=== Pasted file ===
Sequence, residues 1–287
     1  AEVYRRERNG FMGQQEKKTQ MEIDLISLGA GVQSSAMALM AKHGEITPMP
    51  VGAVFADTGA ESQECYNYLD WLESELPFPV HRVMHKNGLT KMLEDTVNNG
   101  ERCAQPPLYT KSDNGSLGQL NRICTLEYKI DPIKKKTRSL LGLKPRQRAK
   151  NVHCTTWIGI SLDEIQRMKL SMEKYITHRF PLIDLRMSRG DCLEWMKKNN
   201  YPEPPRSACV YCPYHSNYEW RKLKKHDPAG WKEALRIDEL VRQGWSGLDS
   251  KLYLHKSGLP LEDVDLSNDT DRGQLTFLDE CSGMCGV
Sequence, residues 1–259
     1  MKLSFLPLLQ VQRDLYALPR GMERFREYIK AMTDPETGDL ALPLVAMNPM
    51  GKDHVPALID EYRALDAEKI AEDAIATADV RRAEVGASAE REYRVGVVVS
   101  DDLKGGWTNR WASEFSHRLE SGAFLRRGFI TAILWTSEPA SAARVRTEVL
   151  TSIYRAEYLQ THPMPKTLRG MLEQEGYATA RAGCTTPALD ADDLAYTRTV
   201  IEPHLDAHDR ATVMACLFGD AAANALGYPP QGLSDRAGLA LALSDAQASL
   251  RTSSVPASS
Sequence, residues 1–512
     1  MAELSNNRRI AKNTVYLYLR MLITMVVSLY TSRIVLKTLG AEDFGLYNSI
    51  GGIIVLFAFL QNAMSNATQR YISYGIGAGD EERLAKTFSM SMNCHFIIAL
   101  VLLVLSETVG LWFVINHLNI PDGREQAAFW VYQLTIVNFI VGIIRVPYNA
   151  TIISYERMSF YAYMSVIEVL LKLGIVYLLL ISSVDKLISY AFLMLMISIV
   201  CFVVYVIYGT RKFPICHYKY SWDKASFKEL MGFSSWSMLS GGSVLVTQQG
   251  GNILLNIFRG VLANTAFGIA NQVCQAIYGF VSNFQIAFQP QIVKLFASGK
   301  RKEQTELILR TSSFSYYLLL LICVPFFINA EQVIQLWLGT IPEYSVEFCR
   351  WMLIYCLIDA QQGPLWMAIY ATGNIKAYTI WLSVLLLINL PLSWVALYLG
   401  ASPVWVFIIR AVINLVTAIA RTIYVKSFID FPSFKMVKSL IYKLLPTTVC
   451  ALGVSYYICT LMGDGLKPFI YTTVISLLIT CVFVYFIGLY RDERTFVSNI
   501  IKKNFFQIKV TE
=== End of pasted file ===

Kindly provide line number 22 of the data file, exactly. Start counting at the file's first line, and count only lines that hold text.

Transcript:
   301  RKEQTELILR TSSFSYYLLL LICVPFFINA EQVIQLWLGT IPEYSVEFCR